The Kennedy Center

Elisabeth Holowchuk

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    The Suzanne Farrell Ballet: Photoshoot

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    The Suzanne Farrell Ballet Snapshot: Elisabeth Holowchuk


Elisabeth Holowchuk* (First Soloist) was born in St. Catharines, Ontario, Canada. She received her early training from Christine Taylor Schmelz and continued her studies at The School of American Ballet. She is an alumna of Exploring Ballet with Suzanne Farrell. Elisabeth's repertoire includes principal roles in Balanchine's Serenade, Baiser de la Fée, Meditation, Agon, Slaughter on 10th Avenue and Duo Concertant as well as Jerome Robbins's Afternoon of a Faun and In Memory of... and Paul Mejia's Romeo and Juliet. Elisabeth has also danced in the Balanchine Preservation Initiative ballets: Pithoprakta, Concierto de Mozart, the Contrapuntal Blues pas de deux from Clarinade, Ragtime, and Haieff Divertimento. Elisabeth danced with The Suzanne Farrell Ballet from 2001-2015 and rejoins them for this season, while also pursuing dual degrees in Accounting and English at Lehigh University.

A Conversation with Elisa

What has been your favorite role to dance and why?

I find that whatever I am working on at the moment becomes my favorite. I like ballets that challenge me. The challenge can be the process of finding how to make the steps work for my body, or perhaps adopting a persona that is not my own in real life. In that respect, I had a lot of fun dancing "The Strip Tease Girl" in Slaughter on Tenth Avenue. In real life I am very shy and could never let my hair down or "strut my stuff" like that. I think it's wonderful that ballet affords dancers the chance to be different than they feel they are. What happens on stage almost becomes more real than what happens off stage because I don't feel hindered or limited by the outside world when I am dancing. Similarly, I also found working on the "Unanswered Question" section of the ballet Ivesiana a challenge in that I had to face one of my fears. The stage is pitch black, except for a spotlight. I spend the entirety of the ballet carried by four men. They hold me above their heads and I stand and walk on their shoulders in the dark. While I am not particularly fond of heights, I am afraid of the dark! The juxtaposition of the somewhat anxious, unsettling music and the calmness that I am supposed to portray was a great way to work through those fears. I learned to trust my partners and know that even though I couldn't see them they were there to support and carry me. It was a great lesson in having faith in something that you can't necessarily see with your eyes.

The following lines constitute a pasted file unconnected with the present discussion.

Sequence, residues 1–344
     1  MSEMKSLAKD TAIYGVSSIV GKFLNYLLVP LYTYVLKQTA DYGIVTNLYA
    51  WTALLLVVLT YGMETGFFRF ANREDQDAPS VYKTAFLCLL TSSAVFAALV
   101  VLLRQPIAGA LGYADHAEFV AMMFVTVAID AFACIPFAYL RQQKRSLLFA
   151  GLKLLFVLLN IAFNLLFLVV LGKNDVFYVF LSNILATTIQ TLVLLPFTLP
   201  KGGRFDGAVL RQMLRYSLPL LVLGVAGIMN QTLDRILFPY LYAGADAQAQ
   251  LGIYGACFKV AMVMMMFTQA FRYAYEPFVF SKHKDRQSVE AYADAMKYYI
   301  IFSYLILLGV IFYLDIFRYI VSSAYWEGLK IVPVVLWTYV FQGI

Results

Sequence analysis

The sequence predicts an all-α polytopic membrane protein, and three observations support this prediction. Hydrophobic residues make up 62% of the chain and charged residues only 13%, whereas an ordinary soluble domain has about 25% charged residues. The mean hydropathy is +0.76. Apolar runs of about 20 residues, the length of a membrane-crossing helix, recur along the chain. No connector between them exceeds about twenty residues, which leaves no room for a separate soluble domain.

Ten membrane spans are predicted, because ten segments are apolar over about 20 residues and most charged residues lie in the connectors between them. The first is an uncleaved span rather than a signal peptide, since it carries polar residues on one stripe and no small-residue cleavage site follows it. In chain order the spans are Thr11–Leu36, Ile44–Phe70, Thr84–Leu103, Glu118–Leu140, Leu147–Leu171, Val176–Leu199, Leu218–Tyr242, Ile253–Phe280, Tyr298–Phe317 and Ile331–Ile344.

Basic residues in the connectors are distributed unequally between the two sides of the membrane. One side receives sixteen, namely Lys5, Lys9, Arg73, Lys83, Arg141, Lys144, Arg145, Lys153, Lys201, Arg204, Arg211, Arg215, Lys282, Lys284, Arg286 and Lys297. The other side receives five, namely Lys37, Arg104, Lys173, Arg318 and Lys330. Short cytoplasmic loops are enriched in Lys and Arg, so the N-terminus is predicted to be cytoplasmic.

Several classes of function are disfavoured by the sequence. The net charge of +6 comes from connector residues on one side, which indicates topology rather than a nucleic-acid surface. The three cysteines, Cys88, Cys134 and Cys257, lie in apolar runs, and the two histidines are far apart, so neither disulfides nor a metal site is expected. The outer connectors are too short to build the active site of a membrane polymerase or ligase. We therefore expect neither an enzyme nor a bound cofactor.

How do you prepare yourself for the physical challenges of dancing ballet?

I have a series of pilates exerices that I perform daily before class in the morning. I need to activate my abdominal muscles and I do a little stretching prior to the start of the day. I tape my toes with masking tape before putting on my pointe shoes to avoid getting blisters. At the end of the day I do a technique called Yamuna Body Rolling. Basically, you roll along and perform a series of movements on a ball and this helps relieve stress and tension in the muscles. It's like have deep tissue work performed but you get to control the depth and intensity of the massage.